Photographs help family history come alive, and whether it’s their own baby pictures or photos of great-great ancestors, children can turn the idea of family history from a notion into something much more tangible with family photos.
Everyone has a story
One way to get the entire family involved in storytelling is with story prompts. Even if it feels forced and you might get some groans from the teenagers, ultimately, it’s worth encouraging everyone to share.
One TulsaKids reader told us she remembered her grandfather used to hold court at family gatherings, telling stories about his parents and grandparents and about growing up on a soybean farm in western Oklahoma. She loved his stories, but says she now wishes her grandmother and others in the family had told their stories, too.
With a story prompt, everyone gets a chance to share. After Thanksgiving dinner, serve dessert in the living room and give everyone the same prompt. It could be, “What is the best Christmas present you ever received?” “What’s your earliest memory?” or “What would our ancestors think of our family today?” Let everyone – even the youngest in the room – share their story.
Oral storytelling is wonderful, but you’re going to want to preserve those stories. Here’s one way to do so: When everyone is telling those stories around the living room, set up your phone to record it.
Creating a family heirloom book is another idea that you will long treasure. It may take a little work to create it, but for each holiday, ask each family member to bring with them a written answer to a prompt you’ve given them a few weeks in advance. Combine those stories into a book that the family can read – or even read aloud.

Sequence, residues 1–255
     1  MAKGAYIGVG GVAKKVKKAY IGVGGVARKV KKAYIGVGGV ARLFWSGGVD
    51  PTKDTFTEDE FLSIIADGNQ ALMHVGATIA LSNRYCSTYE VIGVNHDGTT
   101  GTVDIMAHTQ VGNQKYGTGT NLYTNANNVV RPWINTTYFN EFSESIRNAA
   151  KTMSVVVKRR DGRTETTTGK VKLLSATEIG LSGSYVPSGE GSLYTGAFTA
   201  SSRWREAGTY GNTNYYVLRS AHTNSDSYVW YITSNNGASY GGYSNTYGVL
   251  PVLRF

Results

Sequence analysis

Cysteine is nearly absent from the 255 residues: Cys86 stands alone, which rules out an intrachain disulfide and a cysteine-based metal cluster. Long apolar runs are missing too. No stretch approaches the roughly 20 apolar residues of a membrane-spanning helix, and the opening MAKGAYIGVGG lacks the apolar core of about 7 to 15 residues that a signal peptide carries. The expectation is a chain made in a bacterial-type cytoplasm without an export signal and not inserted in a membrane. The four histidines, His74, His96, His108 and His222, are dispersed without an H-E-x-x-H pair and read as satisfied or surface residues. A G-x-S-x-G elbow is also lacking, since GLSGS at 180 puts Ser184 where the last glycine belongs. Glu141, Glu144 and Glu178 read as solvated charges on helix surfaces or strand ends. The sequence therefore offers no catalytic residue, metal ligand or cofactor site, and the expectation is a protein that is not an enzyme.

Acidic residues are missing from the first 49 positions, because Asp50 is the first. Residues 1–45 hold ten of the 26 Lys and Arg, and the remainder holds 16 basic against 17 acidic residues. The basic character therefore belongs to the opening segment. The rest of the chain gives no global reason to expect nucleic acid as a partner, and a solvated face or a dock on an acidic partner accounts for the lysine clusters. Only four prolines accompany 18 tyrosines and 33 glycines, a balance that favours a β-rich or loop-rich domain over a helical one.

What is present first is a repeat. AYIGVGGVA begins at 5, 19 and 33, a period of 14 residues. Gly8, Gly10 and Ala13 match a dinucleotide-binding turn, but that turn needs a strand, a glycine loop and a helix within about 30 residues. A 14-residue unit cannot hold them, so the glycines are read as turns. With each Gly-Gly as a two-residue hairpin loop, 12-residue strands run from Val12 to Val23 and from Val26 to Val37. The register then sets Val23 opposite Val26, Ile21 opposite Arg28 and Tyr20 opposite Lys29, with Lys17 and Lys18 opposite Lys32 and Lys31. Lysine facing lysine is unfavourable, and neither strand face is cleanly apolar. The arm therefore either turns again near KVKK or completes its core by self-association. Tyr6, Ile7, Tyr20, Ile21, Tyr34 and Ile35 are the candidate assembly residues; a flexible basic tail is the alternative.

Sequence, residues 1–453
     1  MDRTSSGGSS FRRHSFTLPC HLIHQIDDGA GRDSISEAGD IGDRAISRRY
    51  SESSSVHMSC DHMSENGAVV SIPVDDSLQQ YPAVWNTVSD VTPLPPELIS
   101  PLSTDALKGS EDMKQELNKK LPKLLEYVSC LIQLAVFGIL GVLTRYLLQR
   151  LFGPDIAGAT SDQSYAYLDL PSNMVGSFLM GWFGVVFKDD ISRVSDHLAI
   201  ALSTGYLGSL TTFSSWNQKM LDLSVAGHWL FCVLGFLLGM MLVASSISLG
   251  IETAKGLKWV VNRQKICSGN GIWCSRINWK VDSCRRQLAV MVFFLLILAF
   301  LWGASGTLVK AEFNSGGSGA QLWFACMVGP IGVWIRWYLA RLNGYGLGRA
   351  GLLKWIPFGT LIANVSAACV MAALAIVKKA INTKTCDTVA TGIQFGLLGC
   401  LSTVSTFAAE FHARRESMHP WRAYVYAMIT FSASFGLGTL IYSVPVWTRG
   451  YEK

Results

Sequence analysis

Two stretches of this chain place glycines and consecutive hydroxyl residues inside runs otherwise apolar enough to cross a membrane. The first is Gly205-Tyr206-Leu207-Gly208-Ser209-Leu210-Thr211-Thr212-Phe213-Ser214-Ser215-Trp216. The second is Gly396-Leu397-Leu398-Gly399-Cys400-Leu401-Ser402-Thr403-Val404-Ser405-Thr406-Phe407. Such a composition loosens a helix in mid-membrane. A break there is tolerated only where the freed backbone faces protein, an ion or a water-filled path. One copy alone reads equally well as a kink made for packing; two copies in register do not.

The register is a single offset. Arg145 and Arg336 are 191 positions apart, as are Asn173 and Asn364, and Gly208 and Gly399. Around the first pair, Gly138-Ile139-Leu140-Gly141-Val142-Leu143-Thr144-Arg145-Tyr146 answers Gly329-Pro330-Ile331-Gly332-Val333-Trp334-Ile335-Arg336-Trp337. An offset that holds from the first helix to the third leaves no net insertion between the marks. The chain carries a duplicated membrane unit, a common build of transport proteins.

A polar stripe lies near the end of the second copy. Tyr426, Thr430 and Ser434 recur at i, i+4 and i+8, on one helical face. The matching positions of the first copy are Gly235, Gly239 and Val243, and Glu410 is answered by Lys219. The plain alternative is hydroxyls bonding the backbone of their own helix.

Companies like Storyworth make a family’s written history easier, with story prompts and questions that are then combined into a beautifully bound book. Storyworth has questions appropriate for the youngest to the oldest members of the family, and it doesn’t sugarcoat the stories. Families can share the good and bad to give a full picture of what life was like growing up and beyond.
Make it fun
Sharing anecdotes and funny or poignant family stories may end up being the best part of your Thanksgiving holiday.
If sharing in a group isn’t natural to your family, start with something simple like the classic, “What are you thankful for this year?”
The National Children’s Book and Literacy Alliance suggests using specific language to pull the story out of children and others in the family. For instance, ask the question, “What is your favorite holiday memory?” Have them talk about what they saw and smelled that day, what they ate, what they sang, where they went and what the weather was like. Sometimes it’s in those details that the best parts of the story are revealed.
Some families are naturals at storytelling. But if you need a nudge, here are some good conversation starters to keep the dinner table conversation meaningful and memorable.
- When you were a kid, what did you want to be when you grew up? For kids, what do you want to be?
- Who was/is your favorite teacher, and why?
- What would you do with the money if you won $1 million?
- If you could travel anywhere in the world, where would you go?
- If our family played Survivor, who would win?
- What was your first job?
Natalie Mikles is a mom of three. She writes about food, sharing recipes for busy families and picky eaters.